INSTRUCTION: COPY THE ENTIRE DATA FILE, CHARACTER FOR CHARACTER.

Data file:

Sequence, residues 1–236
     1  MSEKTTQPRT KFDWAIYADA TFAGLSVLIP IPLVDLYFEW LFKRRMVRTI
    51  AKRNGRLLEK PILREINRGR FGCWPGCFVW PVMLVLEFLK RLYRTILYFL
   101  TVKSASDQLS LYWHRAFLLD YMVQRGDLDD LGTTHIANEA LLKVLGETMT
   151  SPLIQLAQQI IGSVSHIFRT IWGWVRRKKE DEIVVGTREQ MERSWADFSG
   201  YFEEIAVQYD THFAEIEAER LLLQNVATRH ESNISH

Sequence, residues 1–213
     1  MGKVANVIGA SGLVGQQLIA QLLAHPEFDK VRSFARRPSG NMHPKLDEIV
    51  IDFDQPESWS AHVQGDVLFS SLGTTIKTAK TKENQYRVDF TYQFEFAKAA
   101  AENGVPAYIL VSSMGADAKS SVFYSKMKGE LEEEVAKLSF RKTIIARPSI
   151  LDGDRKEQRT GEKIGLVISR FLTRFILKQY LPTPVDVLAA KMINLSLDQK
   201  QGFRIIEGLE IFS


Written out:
Sequence, residues 1–236
     1  MSEKTTQPRT KFDWAIYADA TFAGLSVLIP IPLVDLYFEW LFKRRMVRTI
    51  AKRNGRLLEK PILREINRGR FGCWPGCFVW PVMLVLEFLK RLYRTILYFL
   101  TVKSASDQLS LYWHRAFLLD YMVQRGDLDD LGTTHIANEA LLKVLGETMT
   151  SPLIQLAQQI IGSVSHIFRT IWGWVRRKKE DEIVVGTREQ MERSWADFSG
   201  YFEEIAVQYD THFAEIEAER LLLQNVATRH ESNISH

Sequence, residues 1–213
     1  MGKVANVIGA SGLVGQQLIA QLLAHPEFDK VRSFARRPSG NMHPKLDEIV
    51  IDFDQPESWS AHVQGDVLFS SLGTTIKTAK TKENQYRVDF TYQFEFAKAA
   101  AENGVPAYIL VSSMGADAKS SVFYSKMKGE LEEEVAKLSF RKTIIARPSI
   151  LDGDRKEQRT GEKIGLVISR FLTRFILKQY LPTPVDVLAA KMINLSLDQK
   201  QGFRIIEGLE IFS